Photography. I don’t know of anything that has so many people across the world so deeply enthralled. Creating imagery is a beautiful way to express ideas, emotions, themes, and more. With the advent of digital photography and iphoneography, the power to create is in everyone’s hands. With access to knowledge and the ability to continuously learn, the sky is the limit with making images. But, photography practice is imperative.
Why do we get stuck in our creative ruts and lose momentum? How do we break out of the predictable style we’ve come to rely on and continue to practice so that we grow as artists? How do we continue to develop our skills as photographers and as artists in a medium we’ve been using for years? The simple, short answer is: we must practice the art of practicing! Growing as a photographer is a continuous process and being able to deal with the wrong equipment at the right time, embrace not having a vision, and try new workflows to open up the creative flood gates and prepare for future creative opportunities.
New Mexico’s Vanishing Ghost Towns by Gary Lamott
Continuing Our Adventures: My wife and I are continuing our adventures here in New Mexico, the Land of Enchantment, traveling the highways and byways to some of the more than 400 ghost towns, some of which not only died, but vanished! You can still find a few hardy souls that live in some of them, as well as some old buildings that are still standing. Starting in the late 1800s, these towns blazed in a moment of glory, then died in a sudden flame. Many were mining towns, where men lusted after the earth’s riches – gold, silver, turquoise, copper, lead and coal. A few were farming communities that flourished for a time and mysteriously fell silent. Some were water stops for the steam locomotives, their usefulness gone with the advent of the modern diesel engines that ride the rails today.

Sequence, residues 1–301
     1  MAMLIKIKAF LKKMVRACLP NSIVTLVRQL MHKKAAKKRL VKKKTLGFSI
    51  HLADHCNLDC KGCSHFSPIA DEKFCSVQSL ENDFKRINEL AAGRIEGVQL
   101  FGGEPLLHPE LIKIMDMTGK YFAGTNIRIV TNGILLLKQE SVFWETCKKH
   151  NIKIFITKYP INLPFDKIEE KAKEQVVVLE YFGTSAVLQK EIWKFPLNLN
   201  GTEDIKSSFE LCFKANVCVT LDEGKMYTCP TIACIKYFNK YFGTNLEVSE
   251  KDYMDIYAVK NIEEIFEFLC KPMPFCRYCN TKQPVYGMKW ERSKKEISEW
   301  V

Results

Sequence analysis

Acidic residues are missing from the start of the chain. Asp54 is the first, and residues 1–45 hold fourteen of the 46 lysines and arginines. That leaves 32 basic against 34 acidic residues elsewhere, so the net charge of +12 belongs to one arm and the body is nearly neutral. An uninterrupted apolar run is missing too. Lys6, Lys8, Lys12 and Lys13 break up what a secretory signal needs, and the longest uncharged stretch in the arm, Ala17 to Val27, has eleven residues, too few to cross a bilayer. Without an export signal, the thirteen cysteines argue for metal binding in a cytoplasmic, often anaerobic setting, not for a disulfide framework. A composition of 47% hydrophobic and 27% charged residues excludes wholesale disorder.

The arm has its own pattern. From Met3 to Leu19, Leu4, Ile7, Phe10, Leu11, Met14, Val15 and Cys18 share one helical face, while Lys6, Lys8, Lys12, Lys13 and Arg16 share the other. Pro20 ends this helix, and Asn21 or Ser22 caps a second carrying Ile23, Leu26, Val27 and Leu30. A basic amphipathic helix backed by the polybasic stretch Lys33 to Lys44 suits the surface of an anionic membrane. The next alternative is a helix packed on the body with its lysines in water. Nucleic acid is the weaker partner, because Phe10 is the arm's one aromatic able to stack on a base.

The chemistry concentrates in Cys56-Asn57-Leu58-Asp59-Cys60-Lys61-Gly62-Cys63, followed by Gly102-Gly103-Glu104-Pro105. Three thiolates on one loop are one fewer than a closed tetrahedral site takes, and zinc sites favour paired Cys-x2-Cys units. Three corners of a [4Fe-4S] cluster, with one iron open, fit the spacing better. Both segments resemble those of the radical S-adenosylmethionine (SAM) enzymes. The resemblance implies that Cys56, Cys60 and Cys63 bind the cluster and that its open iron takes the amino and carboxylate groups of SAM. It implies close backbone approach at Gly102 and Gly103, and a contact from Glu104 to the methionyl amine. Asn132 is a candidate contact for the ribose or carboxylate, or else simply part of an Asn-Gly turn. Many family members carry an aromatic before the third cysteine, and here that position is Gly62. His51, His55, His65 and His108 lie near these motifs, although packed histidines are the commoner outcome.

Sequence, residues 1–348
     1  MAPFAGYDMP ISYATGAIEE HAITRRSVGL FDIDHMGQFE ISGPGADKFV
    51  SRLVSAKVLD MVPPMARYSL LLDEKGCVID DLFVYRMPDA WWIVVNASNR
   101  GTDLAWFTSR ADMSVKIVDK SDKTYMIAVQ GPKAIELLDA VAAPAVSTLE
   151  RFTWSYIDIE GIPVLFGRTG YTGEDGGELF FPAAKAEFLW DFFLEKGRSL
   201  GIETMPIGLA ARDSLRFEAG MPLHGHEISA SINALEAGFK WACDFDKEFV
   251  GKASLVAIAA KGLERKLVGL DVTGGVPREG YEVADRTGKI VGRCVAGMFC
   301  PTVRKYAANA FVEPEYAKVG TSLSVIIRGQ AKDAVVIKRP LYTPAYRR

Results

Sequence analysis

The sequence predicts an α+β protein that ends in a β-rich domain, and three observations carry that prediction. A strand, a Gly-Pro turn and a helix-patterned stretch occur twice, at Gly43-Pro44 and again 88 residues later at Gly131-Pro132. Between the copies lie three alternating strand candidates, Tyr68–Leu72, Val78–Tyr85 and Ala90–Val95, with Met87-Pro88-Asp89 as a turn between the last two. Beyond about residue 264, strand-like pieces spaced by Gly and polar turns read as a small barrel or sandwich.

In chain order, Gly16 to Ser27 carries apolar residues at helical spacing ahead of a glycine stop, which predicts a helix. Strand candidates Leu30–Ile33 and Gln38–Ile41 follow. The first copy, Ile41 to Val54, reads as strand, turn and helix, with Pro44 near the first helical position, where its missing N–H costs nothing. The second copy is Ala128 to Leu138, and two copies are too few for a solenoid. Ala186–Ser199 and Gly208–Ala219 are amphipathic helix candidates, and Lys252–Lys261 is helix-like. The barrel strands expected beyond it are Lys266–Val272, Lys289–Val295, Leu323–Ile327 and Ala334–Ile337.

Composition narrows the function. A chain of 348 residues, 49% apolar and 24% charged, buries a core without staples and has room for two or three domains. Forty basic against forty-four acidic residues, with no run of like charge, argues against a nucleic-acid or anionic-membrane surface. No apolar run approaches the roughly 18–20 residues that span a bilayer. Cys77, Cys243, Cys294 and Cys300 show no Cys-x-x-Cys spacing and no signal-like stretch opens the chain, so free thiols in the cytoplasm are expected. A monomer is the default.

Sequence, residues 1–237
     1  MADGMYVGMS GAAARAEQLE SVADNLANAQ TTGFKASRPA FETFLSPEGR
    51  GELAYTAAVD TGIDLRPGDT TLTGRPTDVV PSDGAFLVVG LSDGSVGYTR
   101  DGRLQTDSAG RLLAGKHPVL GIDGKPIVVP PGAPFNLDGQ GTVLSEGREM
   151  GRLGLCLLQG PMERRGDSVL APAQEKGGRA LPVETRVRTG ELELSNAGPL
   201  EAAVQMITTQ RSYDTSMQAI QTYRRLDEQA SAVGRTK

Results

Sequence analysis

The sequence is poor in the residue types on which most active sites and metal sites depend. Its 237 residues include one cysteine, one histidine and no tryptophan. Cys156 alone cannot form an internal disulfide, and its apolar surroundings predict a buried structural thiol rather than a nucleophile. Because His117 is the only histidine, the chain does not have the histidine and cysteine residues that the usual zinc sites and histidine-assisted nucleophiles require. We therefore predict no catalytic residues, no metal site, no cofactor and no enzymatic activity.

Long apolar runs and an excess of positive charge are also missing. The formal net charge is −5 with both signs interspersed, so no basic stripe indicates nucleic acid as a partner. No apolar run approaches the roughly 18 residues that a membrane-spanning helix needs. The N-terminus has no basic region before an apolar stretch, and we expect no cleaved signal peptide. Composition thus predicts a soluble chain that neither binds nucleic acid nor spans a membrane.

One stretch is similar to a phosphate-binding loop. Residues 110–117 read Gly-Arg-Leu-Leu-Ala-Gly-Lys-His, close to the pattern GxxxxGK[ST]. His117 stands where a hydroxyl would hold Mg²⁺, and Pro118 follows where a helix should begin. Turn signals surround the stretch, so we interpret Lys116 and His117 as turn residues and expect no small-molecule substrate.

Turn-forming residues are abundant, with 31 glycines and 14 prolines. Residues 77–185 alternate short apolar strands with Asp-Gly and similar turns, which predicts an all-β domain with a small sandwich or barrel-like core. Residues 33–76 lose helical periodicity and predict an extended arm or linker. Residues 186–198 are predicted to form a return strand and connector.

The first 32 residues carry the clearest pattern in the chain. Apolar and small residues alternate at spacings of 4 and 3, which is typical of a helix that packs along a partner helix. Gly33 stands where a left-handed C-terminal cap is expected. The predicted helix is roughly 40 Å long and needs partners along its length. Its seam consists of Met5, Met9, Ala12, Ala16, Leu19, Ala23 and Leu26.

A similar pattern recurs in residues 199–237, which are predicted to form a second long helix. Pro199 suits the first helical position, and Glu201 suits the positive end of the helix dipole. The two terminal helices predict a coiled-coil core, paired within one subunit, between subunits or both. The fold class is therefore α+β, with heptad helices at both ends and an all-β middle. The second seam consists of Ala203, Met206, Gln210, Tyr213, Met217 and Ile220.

It is very tempting to think that post-processing in photography is something disconnected from the rest of the photographic process, and particularly so from the capture of images in the field. The truth, however, is that post-processing should not be considered a separate step in photography, but rather as the continuation, or should we say culmination, of a whole photographic process which started the moment we had an idea in our mind that we wanted to capture in a photograph.
For thirty years my wife and I have been traveling to New Mexico and the American Southwest. We have driven over 30,000 miles in the Four Corner states experiencing the diverse natural wonders, friendly people and history of what is unquestionably one of the most beautiful parts of our great country. It is nearly impossible to explain in words how one feels experiencing the highways and byways of our new home state. By featuring just a few of the thousands of photos I have taken and enhanced using Topaz Labs Software, I hope to give you some sense of how New Mexico is truly the “Land of Enchantment”.
“Looking is not seeing. Engaging with the world as a photographer means we need to keep not only our eyes open, but also our mind and soul.”
Reality does not exist. Each of us makes our own reality. Perception, which might start with visual stimuli, is filtered by our mental templates, preconceptions, memories and experiences. The result becomes a personal appreciation of reality, which then, by association, releases a number of emotions, feelings and souvenirs linked to other situations and experiences of our life.